Skater Rises Above Racial Adversity, Seeks Career in That Space

Olivia Alexander has not only overcome racial stereotypes, but used the adversity as fuel for her skating. She's also shared her experiences to make a difference.

National Get Up Day is Feb. 1. Through the month of February, U.S. Figure Skating will be featuring its eight Get Up ambassadors. The following story appeared in the January issue of SKATING magazine.

By Ed Rabinowitz


The physical challenges associated with figure skating are significant. Olivia Alexander understands that.

But it has been the mental adversities that Alexander, a Black skater, has had to rise above that have perhaps been the most challenging.

Alexander, now a junior at Goucher College in Towson, Maryland, ate, slept and breathed skating while in high school in order to qualify for the Excel National Festival, where she placed second at the intermediate level.

“I trained really hard, and it was extremely gratifying,” she says.

Alexander fell in love with skating at age 5 after seeing Disney on Ice’s “Finding Nemo.” Shortly thereafter, her mother signed her up with a local figure skating club. Alexander flourished.

“I was in dance, soccer, gymnastics, but I got a different feeling from skating than any other sport,” she says. “And when I started to learn to do jumps it was like I was flying. I don’t think there’s any other sport where you get that feeling.”

Alexander eventually became a member of the organization’s synchronized skating team, but after several years of skating, she felt she was hitting a plateau in her skating career. She attended a workshop in Newburgh, New York, with Olympic medalists Larisa Selezneva and Oleg Makarov, who agreed to take her on as a student. Four times each week — twice during the week after school, and both weekend days — she made the 90-minute trek in Newburgh. She loved the challenge.

“Everyone was pushing themselves,” she says. “When you’re in a competitive environment like that you push yourself even more, beyond what you thought you could do.”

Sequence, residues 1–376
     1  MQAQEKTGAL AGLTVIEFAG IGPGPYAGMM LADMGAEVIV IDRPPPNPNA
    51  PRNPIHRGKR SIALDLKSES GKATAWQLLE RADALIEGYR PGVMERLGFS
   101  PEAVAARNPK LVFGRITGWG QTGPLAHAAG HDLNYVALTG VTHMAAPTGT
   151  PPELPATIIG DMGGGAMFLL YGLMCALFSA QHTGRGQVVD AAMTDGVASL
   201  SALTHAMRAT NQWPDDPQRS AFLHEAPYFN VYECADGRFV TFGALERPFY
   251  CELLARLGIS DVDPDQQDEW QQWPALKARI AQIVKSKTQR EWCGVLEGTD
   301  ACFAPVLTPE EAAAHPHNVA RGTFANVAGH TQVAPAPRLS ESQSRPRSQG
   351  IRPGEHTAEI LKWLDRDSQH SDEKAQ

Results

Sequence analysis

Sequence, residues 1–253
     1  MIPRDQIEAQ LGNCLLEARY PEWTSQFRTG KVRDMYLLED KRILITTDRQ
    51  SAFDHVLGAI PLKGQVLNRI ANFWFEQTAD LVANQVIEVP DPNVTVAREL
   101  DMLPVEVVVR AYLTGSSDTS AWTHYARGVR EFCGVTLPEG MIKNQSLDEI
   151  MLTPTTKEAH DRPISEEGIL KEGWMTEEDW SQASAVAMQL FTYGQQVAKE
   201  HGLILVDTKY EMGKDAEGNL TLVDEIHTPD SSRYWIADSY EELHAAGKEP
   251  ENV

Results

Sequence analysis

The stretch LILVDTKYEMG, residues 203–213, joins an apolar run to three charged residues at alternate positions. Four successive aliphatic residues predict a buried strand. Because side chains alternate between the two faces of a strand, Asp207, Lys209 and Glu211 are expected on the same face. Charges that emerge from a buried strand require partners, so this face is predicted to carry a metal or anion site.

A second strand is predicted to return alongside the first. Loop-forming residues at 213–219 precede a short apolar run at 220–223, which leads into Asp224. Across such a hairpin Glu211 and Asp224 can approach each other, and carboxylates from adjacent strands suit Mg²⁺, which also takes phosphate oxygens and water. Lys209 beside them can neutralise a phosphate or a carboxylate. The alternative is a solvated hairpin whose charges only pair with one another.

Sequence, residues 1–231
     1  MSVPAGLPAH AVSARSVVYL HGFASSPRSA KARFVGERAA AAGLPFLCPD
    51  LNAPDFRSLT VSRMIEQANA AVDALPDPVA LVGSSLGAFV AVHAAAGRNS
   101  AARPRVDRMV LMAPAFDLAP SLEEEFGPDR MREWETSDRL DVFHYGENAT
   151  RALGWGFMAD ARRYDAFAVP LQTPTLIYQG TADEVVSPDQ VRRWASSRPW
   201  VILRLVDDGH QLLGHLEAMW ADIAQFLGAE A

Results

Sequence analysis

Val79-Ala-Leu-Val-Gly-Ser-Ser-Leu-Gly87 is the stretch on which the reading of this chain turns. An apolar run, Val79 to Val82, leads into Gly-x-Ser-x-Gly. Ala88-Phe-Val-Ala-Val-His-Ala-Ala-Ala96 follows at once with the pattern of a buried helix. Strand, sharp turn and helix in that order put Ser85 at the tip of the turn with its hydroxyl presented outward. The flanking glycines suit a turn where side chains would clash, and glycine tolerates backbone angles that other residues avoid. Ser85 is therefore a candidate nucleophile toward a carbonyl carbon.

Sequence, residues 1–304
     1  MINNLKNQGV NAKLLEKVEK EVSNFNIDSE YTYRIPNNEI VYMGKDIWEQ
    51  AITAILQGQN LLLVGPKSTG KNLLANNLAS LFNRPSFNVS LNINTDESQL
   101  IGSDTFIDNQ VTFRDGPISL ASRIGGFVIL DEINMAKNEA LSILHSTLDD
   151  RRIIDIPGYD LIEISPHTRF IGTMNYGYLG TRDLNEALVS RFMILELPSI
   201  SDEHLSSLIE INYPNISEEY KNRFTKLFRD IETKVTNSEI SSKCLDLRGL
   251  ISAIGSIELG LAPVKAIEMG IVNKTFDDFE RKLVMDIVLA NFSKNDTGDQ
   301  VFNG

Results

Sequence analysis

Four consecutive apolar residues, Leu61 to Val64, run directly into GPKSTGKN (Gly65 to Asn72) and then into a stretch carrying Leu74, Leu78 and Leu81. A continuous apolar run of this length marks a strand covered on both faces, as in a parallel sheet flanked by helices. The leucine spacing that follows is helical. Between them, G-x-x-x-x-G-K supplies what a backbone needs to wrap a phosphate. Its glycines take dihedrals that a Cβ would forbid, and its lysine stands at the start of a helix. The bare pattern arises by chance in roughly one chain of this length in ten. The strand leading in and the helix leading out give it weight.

But it was during training camps when Alexander began hearing “micro aggressive comments while skating.” She often heard “the N-word used casually,” and found herself being tied to stereotypes.

“People unintentionally think Black people are more aggressive than they are,” Alexander says. “I think people perceived that because there were times when I felt while training I had to work harder to get the attention of my coaches.”

Alexander developed a friendship with figure skating instructor Lari Estridge.

“We gravitated to each other because as a skater of color, and a coach of color, it’s hard to find people who look like us in the arena,” Estridge says. “I know for myself, and Olivia, too, talking with other people at the rink about what’s going on isn’t always helpful because they don’t have that shared experience.”

Estridge says that at no point did Alexander ever reflect people’s comments and meanness back to them. Instead, she used the anger she felt as fuel and put it entirely into her skating.

Alexander agrees, but acknowledges that after a while people’s comments and reactions wore her down mentally.

“When I came back from [an event], I was told I make people not want to compete against me because I competed too intensely,” Alexander says. “People thought I was unsportsmanlike. It felt so overwhelming during one of my lessons that I walked off the ice and began crying. I felt so alone at camp.”

Alexander continued to compete but looking back she sometimes wonders whether it was all worth it.

“I look at pictures when I was on the podium and I was not smiling,” she says. “I probably thought I was smiling, but I look upset. So it’s great that I pushed myself, but it also hurt me in the end.”

Alexander has shared her experience as a Black skater. She skated at Diversity Ice’s Juneteenth fundraiser in 2021, and with a friend co-founded the organization Black Girls Like Me.

“The organization helps Black women find mentorship with older women who are in successful careers and realize there are many career paths you can go down,” she says.

Alexander, a sociology major at Goucher College, says her dream is to work in diversity inclusion with U.S. Figure Skating or the National Hockey League, and focus on mental health for athletes, “because it’s so overlooked.”

And, she adds, skating will always be part of her life.

“Skating has made me who I am as a person,” she says. “It has made me very resilient and given me structure. I’m probably never going to give it up.”